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There seems to be no stopping Tom Cruise and the Mission Impossible juggernaut. While these days people get tired of franchises before too long, Mission Impossible (and Fast & Furious) are out of the equation. It looked like Twilight and Divergent limped to their finish lines, and well technically Divergent never really got off its knees–there’s a long history of Hollywood franchises fading away.

When it was first announced that the television series would be rebooted as a movie franchise and starring Tom Cruise, some people laughed. Now those people can hang their heads in shame as Mission Impossible gets stronger and stronger, the people behind the scenes thinking up bigger and better stunts for each film and audiences to lap up. Hell, before we even knew that the latest would be called Mission Impossible: Fallout, people already knew that the leading man, Tom Cruise, had hurt himself on set and were dying to see how he had done it.

However, the fans are not the only ones that are excited about the franchise! As we begin the interview with Cruise, it was clear to see that he was like an excited child on Christmas morning chatting about his latest action masterpiece.

“The journey that Ethan Hunt and his crew go through is an odyssey, and it is inspired and reflective of that story. It is an epic, personal tale, and there are incredibly huge stakes, emotional stakes I think for the characters,” he explains.

“The Mission Impossible team is going to be Rebecca Ferguson who plays Ilsa, and the core team though is going to be Simon, Ving and me.  Ilsa is; well, I can’t say, you’ll have to see the movie and see what happens to Rebecca’s character. But that is the core Mission Impossible team as well as Alec Baldwin as The Secretary. Each actor I think is very dynamic, very charismatic and I am interested in all of their stories. When I see them all together I believe in that story–that is what I want out of a movie-I want the audience to experience that on screen. Some of my favourite movies have that, just a group of great actors hitting their stride and I know that is something that McQuarrie and I worked very hard on and think about… it is something we love about movies and storytelling.”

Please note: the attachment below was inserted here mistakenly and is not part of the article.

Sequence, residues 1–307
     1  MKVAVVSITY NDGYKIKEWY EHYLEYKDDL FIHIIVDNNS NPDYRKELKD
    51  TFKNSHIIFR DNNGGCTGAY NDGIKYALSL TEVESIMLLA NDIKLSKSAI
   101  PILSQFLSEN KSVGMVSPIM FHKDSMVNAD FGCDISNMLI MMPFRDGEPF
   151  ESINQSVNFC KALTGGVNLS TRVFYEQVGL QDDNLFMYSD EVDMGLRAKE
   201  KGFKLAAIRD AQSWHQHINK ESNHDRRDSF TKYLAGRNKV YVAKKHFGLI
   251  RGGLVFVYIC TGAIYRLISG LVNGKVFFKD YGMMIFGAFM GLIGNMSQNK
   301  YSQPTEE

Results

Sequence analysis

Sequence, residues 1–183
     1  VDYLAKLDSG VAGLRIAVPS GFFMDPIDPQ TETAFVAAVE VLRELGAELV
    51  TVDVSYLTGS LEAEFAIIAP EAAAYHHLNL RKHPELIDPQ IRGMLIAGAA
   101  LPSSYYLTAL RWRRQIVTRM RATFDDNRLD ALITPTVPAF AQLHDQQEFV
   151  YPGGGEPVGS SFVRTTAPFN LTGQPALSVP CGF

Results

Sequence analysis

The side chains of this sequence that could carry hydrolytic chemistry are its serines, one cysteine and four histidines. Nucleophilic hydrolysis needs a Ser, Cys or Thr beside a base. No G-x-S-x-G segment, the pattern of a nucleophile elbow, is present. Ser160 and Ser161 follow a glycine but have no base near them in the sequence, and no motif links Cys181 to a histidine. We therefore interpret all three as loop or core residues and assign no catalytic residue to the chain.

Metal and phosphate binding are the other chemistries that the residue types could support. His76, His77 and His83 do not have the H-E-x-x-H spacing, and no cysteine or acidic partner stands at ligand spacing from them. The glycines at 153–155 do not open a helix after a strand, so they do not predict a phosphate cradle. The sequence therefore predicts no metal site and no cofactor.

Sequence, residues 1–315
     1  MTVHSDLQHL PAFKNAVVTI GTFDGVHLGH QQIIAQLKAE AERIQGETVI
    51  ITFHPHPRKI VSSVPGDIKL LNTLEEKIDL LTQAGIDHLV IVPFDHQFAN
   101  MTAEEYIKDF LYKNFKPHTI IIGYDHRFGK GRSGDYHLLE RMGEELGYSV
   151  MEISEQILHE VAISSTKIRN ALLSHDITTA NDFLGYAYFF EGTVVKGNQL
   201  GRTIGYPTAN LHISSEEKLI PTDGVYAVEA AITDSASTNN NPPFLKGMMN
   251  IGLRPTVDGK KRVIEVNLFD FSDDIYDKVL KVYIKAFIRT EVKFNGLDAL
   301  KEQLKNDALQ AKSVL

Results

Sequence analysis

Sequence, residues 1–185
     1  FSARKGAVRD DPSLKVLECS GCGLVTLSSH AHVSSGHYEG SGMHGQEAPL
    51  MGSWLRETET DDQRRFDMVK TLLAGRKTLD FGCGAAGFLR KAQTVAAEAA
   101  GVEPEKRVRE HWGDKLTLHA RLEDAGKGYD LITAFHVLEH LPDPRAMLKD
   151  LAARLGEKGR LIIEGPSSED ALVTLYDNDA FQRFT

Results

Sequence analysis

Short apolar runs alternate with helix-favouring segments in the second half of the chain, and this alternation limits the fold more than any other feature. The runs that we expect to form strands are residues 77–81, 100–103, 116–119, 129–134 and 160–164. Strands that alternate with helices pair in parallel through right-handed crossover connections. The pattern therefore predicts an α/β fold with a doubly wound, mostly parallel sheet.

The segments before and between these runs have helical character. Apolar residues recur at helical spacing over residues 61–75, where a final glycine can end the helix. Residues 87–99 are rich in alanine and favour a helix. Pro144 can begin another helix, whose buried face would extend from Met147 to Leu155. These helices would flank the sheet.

Part of that team is the director Christopher McQuarrie whom Cruise seems to love working with, “I love working with McQuarrie and the way he approached it. He said ‘I am going to honour Mission Impossible’. And he did, it is different, I think it has his bold sensibility of story-telling. It is not more entertaining but, I feel, we just pulled out all the stops because all the Missions have led to this one and McQuarrie is a very elegant and classic filmmaker. I love his wit, the toughness of the movie and the characters, and it is just a beautiful movie. I can’t wait for you guys to see it. When I look through the movie, I think McQuarrie is just enormously talented. It is always such a joy to work with him.”

It doesn’t take long to realise when listening to Cruise that one of the reasons that this franchise has lasted for so long is because it is a passion project for him and the people around him. “I loved the television series when I was growing up,” he says with a glint in his eyes.  “I loved the music so to be able to turn it into a feature film and to take it from a Cold War series to this modern day audience and cinema; it is without a doubt one the most challenging films to produce. They are challenging in a sense,  McQuarrie and I will sit down, spend a lot of time, sometimes a couple of years, working on different sequences because Mission is about practical action. That is what we want to do. We want to look at things and see how in every way we can create a movie that is elegant and entertaining, that is high in aesthetics, gripping and uses all of our skills as filmmakers. It challenges every department, and you can see their faces every day as we are going through it. It is such hard work, but there is an exhilaration also and a real joy from everybody that they get the opportunity to challenge themselves in this manner.”